Workers at Felixstowe, the UK’s largest container port, are set to strike for eight days from Sunday 21st to Monday 29th August.
Like other strikes across the country, including rail, the dispute is over an offer of increased pay that does not match rising inflation, which the union argues effectively makes it a pay cut.
The final offer from the port was a 7% increase, after a 1.4% increase last year.
Almost half of all UK container traffic passes through Felixstowe, which serves 17 shipping lines and approximately 2,000 ships each year.
The strike, which is the first at the port since 1989, will hit domestic supply chains, logistics, haulage, and international maritime trade, causing disruption and delays.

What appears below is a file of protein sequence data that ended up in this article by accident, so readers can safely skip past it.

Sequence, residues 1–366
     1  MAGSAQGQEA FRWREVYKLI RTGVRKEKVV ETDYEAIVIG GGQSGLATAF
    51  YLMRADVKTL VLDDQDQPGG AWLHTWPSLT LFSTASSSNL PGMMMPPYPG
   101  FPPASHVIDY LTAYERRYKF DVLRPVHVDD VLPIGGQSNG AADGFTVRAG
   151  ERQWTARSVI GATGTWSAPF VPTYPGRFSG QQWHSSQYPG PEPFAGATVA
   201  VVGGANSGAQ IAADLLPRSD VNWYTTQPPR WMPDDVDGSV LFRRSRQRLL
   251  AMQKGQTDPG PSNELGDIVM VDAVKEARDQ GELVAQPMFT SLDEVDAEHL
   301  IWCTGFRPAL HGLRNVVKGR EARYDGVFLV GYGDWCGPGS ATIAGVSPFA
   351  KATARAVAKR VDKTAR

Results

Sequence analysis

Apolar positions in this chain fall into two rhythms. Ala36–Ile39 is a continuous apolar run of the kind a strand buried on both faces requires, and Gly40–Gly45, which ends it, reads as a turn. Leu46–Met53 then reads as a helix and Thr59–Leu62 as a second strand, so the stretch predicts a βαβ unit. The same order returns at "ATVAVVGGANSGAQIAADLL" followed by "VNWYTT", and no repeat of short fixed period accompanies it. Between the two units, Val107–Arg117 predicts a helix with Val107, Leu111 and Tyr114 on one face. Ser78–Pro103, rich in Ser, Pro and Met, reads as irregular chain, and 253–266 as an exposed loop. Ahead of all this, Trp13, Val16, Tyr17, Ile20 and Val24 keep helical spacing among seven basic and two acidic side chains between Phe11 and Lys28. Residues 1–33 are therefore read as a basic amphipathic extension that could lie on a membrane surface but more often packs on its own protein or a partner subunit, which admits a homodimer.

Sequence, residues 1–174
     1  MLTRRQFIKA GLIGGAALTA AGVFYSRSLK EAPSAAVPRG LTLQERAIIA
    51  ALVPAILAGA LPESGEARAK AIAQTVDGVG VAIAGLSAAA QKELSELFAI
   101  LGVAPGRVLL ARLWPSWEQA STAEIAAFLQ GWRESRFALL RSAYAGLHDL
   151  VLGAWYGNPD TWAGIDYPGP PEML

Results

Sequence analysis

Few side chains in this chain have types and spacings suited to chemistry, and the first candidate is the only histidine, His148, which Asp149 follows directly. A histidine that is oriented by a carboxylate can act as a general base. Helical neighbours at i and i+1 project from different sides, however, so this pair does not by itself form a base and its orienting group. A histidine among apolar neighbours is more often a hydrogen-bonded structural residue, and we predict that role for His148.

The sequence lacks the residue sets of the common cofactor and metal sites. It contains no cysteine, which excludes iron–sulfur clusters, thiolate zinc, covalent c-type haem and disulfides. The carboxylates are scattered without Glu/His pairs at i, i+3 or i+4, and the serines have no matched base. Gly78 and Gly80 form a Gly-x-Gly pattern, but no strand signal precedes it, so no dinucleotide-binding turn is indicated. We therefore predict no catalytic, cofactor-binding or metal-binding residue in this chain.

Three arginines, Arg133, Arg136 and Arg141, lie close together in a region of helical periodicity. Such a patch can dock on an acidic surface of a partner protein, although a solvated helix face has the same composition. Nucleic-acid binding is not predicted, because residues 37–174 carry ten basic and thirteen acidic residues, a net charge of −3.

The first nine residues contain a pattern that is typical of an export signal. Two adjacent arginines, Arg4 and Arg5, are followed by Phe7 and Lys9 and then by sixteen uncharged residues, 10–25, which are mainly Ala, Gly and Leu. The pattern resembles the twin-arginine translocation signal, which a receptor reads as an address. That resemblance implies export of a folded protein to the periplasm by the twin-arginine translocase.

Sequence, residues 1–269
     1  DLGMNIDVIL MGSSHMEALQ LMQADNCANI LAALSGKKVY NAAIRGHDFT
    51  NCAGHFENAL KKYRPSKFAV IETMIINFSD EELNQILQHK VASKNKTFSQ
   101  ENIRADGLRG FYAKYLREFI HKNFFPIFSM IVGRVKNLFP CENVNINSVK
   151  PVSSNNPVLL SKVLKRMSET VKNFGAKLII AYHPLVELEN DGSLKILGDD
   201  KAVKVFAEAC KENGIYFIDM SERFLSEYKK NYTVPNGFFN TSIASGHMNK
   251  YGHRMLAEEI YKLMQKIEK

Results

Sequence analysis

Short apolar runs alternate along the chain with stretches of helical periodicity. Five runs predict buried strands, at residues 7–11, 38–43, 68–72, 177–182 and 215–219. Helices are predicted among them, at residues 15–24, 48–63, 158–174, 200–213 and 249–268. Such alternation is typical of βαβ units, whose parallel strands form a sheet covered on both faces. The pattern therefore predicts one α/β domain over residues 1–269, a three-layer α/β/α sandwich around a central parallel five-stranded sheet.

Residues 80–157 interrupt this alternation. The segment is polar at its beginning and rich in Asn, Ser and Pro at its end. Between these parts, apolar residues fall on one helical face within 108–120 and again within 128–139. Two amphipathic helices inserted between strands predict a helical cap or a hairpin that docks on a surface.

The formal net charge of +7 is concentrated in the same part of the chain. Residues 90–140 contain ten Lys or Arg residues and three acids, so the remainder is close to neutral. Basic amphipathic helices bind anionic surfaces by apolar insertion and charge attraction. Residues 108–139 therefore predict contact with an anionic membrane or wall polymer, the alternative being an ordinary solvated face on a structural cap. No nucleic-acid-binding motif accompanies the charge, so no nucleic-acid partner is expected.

As in other, similar industrial disputes, the company has framed the question of profitability around the need for future investments, while the union has focused on profits going to wealthy shareholders.
The port said that it understands employees’ concerns over the rising cost of living and will do what it can to help, “whilst continuing to invest in the port’s success”, and argued that it already “provides secure and well-paid employment”.
Unite, the union, argued that the port of Felixstowe and its Hong Kong-based parent company, CK Hutchison, are “massively profitable and incredibly wealthy” and had chosen to prioritise multi-million pound dividends over a decent wage.
Source: Sky News